HC Deb 31 October 1916 vol 86 cc1557-8W

asked the Chief Secretary whether he is aware that the old age pension of Mrs. Bridget Bryant, of Kilkenny, was stopped on the grounds that she recently married a man named Sheehan now serving in the Navy; whether the remarriage of an old age pensioner is held to be grounds for stopping her pension; and, if not, will he see that her pension is restored to her and all arrears due to her owing to the stoppage paid up?


I am informed that Mrs. Bryant's marriage took place some years ago, and that her pension has not been stopped on account of her marriage. When her husband was called up she received allotment and separation allowance of 16s. a week, which increased her means, previously estimated at £20 12s., to over £31 10s. a year, the statutory limit, and rendered her ineligible for the continuance of the pension of 5s. a week which she had been drawing.


asked the Chief Secretary for Ireland whether he is aware that the Local Government Board for Ireland hold that although an old person has long ceased to be effective owner, and become in fact a lodger, a son having paid debts and arrears of rent and tacitly become owner of the home and he and his wife having stocked it and bought and sold for years, yet the old person, entitled to an old age pension, is refused one and treated as owner of everything, no legal transfer having been executed; and whether the Government will reconsider this interpretation of the Old Age Pensions Act and have a fresh claim allowed in the case of a claimant, named Keogh, at Finea, West-meath, in the circumstances stated?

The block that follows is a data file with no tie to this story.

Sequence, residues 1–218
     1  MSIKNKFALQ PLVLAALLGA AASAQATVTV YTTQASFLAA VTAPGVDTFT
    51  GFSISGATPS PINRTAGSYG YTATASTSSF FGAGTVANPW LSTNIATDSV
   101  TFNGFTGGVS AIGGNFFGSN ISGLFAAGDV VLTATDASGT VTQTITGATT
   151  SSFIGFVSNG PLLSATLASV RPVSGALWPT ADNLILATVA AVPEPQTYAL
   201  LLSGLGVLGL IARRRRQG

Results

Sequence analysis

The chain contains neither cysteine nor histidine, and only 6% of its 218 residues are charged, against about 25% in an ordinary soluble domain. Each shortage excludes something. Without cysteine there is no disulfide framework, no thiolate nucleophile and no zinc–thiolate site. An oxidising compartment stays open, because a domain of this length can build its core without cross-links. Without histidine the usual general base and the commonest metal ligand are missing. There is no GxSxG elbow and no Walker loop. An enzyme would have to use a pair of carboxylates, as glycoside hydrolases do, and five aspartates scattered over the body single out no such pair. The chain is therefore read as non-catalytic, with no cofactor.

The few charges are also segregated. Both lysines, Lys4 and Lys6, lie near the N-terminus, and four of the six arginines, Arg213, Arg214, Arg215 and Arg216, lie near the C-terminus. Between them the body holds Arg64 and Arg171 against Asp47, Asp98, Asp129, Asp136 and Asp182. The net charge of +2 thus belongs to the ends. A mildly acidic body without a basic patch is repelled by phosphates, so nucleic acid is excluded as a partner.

The Irish Local Government Board have given no such decision as that stated in the question. Each case submitted to the Board is dealt with on its merits. In the case to which the hon. Member refers, the Board were not satisfied that the claimant Keogh had ceased to be the effective owner or that the stock on the farm did not belong to him.


asked the Chief Secretary for Ireland whether clerks to old-age pensions committees in Ireland are placed at a disadvantage in the matter of remuneration as compared with similar officials in Great Britain, inasmuch as the Irish clerks receive and are paid only in respect of disputed Army separation claims whilst clerks in Great Britain receive and are paid in respect of all claims, disputed or otherwise; and if he will consider the advisability of placing the Irish clerks on the same basis of remuneration as their British colleagues?


I am aware that certain work in connection with separation allowances which is performed by clerks to local pension committees in Great Britain is not performed by clerks to local pension committees in Ireland. The latter are, however, already paid for the work actually performed by them on a basis of remuneration which is in no case less favourable than that in force in Great Britain, and is in some cases more favourable.